It’s time for carmakers to try something novel that won’t insult their core clientele. It’s time for them to tell the truth to the people who know what’s what. For example, an ad for a Chevrolet Impala would show shoppers browsing rows of washing machines, refrigerators and Impalas, choosing the Chevy as their favorite transportation appliance. A Freestyle ad could show a divorced couple actually behaving like a divorced couple, instead of acting as if they’re on a date.

“Dr. Z” would confess that Karl Benz invented the car, not Daimler-Chrysler, and sell the 300 as the finest last gen E-Class Mercedes money can buy (including his beloved rear suspension). Mazda would own up to the fact that their CX-7 has more in common with a Fusion than with a Miata, and recommend buying a CX-7 because it’s not a Ford. Oh, and no one would ever claim anything based on JD Power survey results. Then again, maybe not.

Join the conversation
2 of 94 comments
  • Kelly Wechsler Kelly Wechsler on Sep 01, 2006

    The VW "Crash" ad is great. It is also true. My two daughters experienced the same crash - Their Jetta was T-boned by a car taveling aproximately 50 MPH. The Jetta was destroyed after landing in a ditch, but both daughters (driver and passenger) were fine - not a scratch, but very shaken.

  • Jerry weber Jerry weber on Sep 02, 2006

    I think of car companies are like Hollywood. They are morally bankrupt of ideas. After 100 years of advertising cars in the US these companies have tried everything and anything. In the last decade they have turned up the volume and mixed sports and pop music into the mix. The car seems to be forever in the background. Just as hollywood has had sequels to all of their original hits, Detroit keeps beating their dead horses in a louder and more objectionable way. I think we the customer, the ad producer, the ad buyer, in other words everyone knows these ads are crap, it's just can we shout louder than anyone else and be heard.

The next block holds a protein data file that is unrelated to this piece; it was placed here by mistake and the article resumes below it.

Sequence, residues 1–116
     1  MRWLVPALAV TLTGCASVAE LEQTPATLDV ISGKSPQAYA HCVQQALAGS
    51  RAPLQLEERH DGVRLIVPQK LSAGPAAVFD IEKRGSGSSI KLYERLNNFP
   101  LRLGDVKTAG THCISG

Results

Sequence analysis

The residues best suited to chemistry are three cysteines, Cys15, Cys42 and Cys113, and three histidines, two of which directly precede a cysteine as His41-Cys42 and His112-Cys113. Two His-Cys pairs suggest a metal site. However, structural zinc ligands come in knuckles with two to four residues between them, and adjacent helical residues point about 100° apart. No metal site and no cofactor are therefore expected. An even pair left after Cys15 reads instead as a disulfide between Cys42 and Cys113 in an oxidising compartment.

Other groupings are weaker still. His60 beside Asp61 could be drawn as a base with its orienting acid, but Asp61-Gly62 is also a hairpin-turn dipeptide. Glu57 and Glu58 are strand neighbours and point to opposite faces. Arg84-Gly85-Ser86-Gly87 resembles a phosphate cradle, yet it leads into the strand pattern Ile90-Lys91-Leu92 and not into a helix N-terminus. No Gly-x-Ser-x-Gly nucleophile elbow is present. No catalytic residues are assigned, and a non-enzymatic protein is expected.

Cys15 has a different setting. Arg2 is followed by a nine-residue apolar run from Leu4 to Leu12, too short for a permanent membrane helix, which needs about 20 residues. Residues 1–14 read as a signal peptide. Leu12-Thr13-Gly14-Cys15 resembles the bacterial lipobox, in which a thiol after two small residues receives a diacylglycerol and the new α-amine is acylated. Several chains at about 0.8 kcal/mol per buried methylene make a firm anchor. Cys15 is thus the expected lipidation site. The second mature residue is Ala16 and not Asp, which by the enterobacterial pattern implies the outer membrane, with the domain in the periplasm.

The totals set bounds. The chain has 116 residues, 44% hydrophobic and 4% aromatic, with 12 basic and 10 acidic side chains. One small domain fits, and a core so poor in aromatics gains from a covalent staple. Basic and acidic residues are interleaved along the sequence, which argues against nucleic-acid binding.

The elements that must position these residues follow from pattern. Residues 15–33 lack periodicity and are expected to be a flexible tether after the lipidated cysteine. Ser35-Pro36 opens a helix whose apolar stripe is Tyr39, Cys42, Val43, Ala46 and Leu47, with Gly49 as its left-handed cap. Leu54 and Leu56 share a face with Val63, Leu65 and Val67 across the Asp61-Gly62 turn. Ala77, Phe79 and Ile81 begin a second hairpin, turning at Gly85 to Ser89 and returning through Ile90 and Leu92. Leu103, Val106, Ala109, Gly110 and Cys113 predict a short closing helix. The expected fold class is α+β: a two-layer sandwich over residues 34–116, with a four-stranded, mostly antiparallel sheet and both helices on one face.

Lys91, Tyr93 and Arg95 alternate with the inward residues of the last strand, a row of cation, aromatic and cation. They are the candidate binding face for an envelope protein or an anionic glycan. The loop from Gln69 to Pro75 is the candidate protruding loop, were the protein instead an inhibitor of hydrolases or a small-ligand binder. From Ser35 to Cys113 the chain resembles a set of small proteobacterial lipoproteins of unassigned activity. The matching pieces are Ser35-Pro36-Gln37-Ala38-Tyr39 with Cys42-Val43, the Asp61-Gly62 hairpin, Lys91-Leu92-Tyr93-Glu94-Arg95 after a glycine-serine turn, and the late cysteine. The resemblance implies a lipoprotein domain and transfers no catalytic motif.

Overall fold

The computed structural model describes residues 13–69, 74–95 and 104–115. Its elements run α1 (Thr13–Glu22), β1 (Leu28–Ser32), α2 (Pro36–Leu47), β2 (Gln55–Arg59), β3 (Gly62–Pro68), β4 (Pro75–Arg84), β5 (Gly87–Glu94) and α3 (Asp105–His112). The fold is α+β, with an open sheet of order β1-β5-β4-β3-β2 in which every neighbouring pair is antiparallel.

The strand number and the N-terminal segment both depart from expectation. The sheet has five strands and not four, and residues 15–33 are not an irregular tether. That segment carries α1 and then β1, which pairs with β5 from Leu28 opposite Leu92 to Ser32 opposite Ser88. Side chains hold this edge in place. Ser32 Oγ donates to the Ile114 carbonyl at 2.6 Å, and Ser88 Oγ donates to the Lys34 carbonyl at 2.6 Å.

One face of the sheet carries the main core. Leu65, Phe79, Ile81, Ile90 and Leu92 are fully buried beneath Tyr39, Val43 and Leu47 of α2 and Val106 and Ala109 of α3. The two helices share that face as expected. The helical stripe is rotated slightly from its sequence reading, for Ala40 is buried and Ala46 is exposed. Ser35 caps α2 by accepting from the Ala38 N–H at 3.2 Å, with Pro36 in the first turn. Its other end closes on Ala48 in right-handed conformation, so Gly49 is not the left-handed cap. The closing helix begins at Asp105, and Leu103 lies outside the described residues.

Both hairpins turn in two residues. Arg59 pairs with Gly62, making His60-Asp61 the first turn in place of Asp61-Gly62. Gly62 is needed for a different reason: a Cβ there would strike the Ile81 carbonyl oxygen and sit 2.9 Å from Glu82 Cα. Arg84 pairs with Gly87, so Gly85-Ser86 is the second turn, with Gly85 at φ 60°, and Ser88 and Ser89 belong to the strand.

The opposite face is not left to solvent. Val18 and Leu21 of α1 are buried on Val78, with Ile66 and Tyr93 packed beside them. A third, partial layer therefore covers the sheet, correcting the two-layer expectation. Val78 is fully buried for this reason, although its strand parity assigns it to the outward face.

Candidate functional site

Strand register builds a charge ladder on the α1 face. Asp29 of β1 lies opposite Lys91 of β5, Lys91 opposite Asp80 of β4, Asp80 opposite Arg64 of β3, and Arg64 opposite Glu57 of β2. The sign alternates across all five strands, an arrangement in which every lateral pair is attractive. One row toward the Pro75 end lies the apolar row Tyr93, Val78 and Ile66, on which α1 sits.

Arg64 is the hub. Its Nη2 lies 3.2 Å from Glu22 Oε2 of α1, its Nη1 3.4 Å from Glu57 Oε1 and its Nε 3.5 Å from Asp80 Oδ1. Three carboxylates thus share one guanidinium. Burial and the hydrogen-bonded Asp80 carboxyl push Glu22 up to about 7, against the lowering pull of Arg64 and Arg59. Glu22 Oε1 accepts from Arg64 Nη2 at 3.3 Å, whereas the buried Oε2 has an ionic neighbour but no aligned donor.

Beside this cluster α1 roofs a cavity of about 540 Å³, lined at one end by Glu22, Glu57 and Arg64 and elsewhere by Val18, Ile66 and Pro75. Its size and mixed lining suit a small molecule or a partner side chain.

• MaintenanceCosts There's no mystery anymore about how the Japanese took over the prestige spot in the US mass market (especially on the west coast) when you realize that this thing was up against the likes of the Fairmont, Citation, and Volaré. A massacre.
  • MaintenanceCosts Chevy used to sell almost this exact color on the Sonic, Bolt, and Camaro, as "Shock." And I have a story about that.I bought my Bolt in 2019. Unsurprisingly the best deal came from the highest-volume Bolt dealer in my very EV-friendly area. They had huge inventory; I bought right when Chevy started offering major incentives, and the car had been priced too high to sell well until that point.Half the inventory had a nice mix of trims and colors, and I was able to find the exact dark-gray-on-white Premier I wanted. But the real mystery was the other half of the inventory. It was something like 40 cars, all Shock on black, split between LT and Premier. You could get an additional $2000 or so off the already low selling price if you bought one of them. (Neither my wife nor I thought the deal worth it.) The cars were real and in the flesh; a couple were out front, but behind the showroom, there was an entire row of them.When I took delivery, I asked the salesman how on earth they had ended up with so many. He told me in a low voice that a previous sales manager had screwed up order forms for a huge batch of cars that were supposed to be white, and that no one noticed until a couple transporters loaded with chartreuse Bolts actually showed up at the dealer. Long story short, there was no way to change the order. They eventually sold all the cars and you still see them more often than you'd expect in the area.
  • EAM3 Learned to drive in my parents' 1981 Maxima. Lovely car that seemed to do everything right. I can still hear the "Please turn off the lights" voice in my head since everyone wanted a demo of the newfangled talking car. A friend of the family had a manual transmission one and that thing was fun!
  • FreedMike That wagon is yummy.
  • Syke Thanks, somehow I missed that.